GolfChannel.com’s Rex Hoggard filed a broader look at gambling in sports and the various issues that may arise for a sport that has always enjoyed a peculiar relationship with wagering.
Increasingly, a sport viewed as gambling friendly is beginning to anticipate issues, including one that arose at Bay Hill when Jason Day WD’d mid-first round. Turns out, he had an MRI last week on his back. As Hoggard notes in another item, this is information that bettors would love to have known. More problematic for the pro golf tours, it’s information that others on the inside might have known and capitalized on. Some players understand but may others, who don’t even want to talk about a swing change, do not like the possibility.
“It’s nobody’s business,” said Kevin Kisner, co-chairman of the Tour’s Player Advisory Council. “I mean, are we out here to gamble, or are we out here to play golf? I don’t really give a s*** about the DFS guys. You should have picked someone else. If he had shot 65 and he had a hurt back, those guys wouldn’t have said anything.”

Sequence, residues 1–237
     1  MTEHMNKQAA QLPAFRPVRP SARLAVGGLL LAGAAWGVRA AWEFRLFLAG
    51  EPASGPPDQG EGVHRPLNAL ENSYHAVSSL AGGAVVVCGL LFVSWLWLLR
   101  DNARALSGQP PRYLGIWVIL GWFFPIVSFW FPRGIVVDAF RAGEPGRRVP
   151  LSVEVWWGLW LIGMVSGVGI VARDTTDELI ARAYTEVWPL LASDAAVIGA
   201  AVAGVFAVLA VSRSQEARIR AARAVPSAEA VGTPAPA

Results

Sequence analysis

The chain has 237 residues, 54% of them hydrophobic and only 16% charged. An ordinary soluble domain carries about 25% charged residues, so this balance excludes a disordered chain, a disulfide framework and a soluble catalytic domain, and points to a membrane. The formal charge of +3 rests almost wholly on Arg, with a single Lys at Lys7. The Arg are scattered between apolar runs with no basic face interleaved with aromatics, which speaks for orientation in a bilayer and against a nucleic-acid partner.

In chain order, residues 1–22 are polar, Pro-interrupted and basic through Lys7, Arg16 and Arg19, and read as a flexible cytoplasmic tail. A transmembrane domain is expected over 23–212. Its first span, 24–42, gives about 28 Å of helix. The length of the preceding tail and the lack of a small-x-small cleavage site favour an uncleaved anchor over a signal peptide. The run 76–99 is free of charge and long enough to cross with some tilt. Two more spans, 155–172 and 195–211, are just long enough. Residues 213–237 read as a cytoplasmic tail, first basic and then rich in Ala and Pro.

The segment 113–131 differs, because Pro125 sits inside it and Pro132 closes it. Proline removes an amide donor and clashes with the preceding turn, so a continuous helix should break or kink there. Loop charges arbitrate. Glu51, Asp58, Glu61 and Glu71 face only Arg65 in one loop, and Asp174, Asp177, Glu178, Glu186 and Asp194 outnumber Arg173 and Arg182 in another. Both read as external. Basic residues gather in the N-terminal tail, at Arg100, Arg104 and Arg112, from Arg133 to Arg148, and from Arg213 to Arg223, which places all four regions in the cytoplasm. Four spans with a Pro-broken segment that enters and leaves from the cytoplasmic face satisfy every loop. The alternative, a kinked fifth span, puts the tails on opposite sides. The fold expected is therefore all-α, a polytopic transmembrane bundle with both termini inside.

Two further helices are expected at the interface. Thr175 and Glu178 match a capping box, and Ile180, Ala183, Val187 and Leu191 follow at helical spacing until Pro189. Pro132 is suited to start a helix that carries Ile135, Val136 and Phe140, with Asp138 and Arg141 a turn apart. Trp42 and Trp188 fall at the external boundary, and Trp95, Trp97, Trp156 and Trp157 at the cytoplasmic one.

Kisner’s blunt assessment likely reflects a majority of opinions on Tour. There are plenty of variables players must account for on a weekly basis just to keep their cards, let alone worry about the ones that impact gamblers who may never step foot on the course. But as sports gambling becomes more prevalent, the scrutiny surrounding player injury status will only increase.
As with so many grey areas in golf, injuries or illness certainly do make for an intriguing discussion. We all know you have to be wary of the sick golfer, and nagging things can be problematic.
But in the case of Day, an MRI would suggest something far more serious and will be information bettors will expect to know. Yet if the reaction of players is similar to that of Kisner’s—understandable given the independent contractor status of pro golfers—then Jay Monahan’s job has gotten a lot more difficult in the sports betting era.